The godly introvert.

Yeah. Even by heroic introversion standards (“h.i.s.”), I’m introverted as fuck.

It’s said that extroverts derive psychic energy from social interaction, whereas introverts derive it from quiet solitude.

And there, the similarities end.

Some introverts actually like talking, some don’t mind human interaction, and some might actually pass as “outgoing” because of their boisterous demeanor. Others rebel, some try to act out of their personality role, some use it to their charm, some drink their way out. And some just go with the punches and accept themselves without apology.

And some come across as whiners, especially when they are male, and strangely ally themselves with feminist ideologues.

This “guy,” James St. James, writing at everyday feminism, tumbles into the whiner introvert category. To his credit, he admits his introversion, but commences to spin a series of doomed satirical jabs against all things extroverted which leave us wondering if he’s prepping to send this piece to the Onion.

A sampling from his 6 Examples of How Extroverts Benefit From Their Social Privilege article:

2. You Always Succeed in Your Daily Chores

Confound it all, where do they keep the ketchup around here?

Looking for items at a store can be difficult at the best of the times, but most extroverts seem to have no problem successfully finding what they need in the long run.

Why? Because they’ll actually ask for help.

And introverts? Heh. We’ll walk around for far too long, trying to do everything ourselves because God forbid we hunt down an employee.

Worst-case scenario? We give up and go home, empty-handed and with a couple of extra hours lost from our lives. Oh well. You learn to live a little easier with disappointment and failure, at least.

Extroverts also tend to get to their destinations easier or with less trouble. And can just plain succeed in getting there.

It’s not that introverts have a poorer sense of direction. It’s that we, again, won’t ask for directions. Staying lost is slightly better than having to actually speak to someone.

OK, I absolutely hate approaching grocery store employees for help because I’m convinced I will find the Way to the Pimento Olives on my own, without help, but it’s not out of this histrionic dread that St. James plays up for dramatic effect writing as an effeminate male for a bunch of ball-busting misandrists. I ask for help, quite readily, when the situation warrants it. My introversion has boundaries; boundaries of pragmatism and necessity. St. James’ piece resounds of despair and wailing and frankly, introverts like him make me hate myself, for a moment, until I reclaim my bearings and start to be a man again.

I’m an introvert, and proudly so. St. James begins to usurp the SJW portmanteau in his piece and the ludicrousness of this disgusting vehicle of dialogue templated over such an innocuous subject tells us clearly how opportunistic and morally reprehensible the modern culture of victimization has become.

More:

But with US American society as it is – where things are expected to be open and available for any amount of poking and scrutiny – being an introvert isn’t exactly easy. This culture has been built for extroverts.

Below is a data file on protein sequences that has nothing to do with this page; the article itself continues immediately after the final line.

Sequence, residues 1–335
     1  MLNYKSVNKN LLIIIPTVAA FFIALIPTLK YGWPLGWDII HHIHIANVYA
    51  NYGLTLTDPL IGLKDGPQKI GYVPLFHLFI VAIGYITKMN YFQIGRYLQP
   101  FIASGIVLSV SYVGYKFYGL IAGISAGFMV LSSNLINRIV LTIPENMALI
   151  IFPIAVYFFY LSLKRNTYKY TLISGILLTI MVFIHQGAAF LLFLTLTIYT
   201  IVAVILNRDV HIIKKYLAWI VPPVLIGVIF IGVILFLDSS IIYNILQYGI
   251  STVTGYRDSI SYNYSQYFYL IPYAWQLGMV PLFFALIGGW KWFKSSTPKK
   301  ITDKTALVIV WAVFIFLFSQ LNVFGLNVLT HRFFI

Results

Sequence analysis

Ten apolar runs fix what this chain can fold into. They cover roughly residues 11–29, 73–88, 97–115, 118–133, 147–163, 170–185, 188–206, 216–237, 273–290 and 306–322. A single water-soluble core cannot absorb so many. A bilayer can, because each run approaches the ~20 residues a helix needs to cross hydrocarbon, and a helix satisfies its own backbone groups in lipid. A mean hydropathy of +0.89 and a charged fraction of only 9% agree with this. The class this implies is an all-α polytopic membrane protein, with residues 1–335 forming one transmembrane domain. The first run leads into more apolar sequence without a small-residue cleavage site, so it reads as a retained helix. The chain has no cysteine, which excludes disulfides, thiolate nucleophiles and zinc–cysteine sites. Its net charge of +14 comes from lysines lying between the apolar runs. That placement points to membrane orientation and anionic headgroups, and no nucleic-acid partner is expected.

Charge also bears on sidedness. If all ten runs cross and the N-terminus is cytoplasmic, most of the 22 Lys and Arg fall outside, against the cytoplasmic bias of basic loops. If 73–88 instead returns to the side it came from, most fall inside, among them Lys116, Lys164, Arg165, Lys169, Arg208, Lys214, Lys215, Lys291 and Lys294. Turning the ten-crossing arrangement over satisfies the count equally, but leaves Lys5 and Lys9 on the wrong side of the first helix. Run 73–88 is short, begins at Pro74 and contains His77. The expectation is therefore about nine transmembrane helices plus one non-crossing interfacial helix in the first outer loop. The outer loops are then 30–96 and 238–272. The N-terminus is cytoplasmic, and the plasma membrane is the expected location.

He concludes with a predictable bout of sappiness:

People actually know the word now. And they’re beginning to recognize that no, there’s nothing wrong with you. You have no “condition.”

You’re just an introvert who was born into an extrovert’s world.

And to all of you nice extroverts: You’re awesome, too. Everything about you is great. But please, just let us sit in the corner every so often and not take offense.

Sadly, this is how introverts act in our [extroverted] society.

Growing up introverted in such an unruly environment, they become docile, meek and subservient. Especially male introverts. Introversion runs counter to the masculine spirit. If you’re an introverted man, you automatically descend a few pegs simply because of your nature.

Of course society leans toward the extroverted impetus. What do you expect? This world is void of thought, it is void of action; it makes sense that any movement and momentum is fueled by those who trigger it with action. Introverts are not about “action,” per se. So opportunities and “breaks” will gravitate toward those who grab them first.

This is how it is. The strong introvert recognizes this, accepts it, but doesn’t cry about justice or “extroverted privilege.”

In all aspects of my world, I’ve witnessed extroverts launch ahead of me.

It happens all the time. In some ways it’s astounding I’ve even gotten to where I am. I blame it purely on merit. My personality is pleasant but I make absolutely no friends, and in the process, alienate many normal people who are happy to align themselves with less capable, but more personable, subjects. Some introverts have discovered godliness. They find solace in the void; the power of dark matter.

They form a communion with that ethereal layer of wonder which mocks mans’ existence. They don’t seek approval or friendship for they are planted firmly in the silence.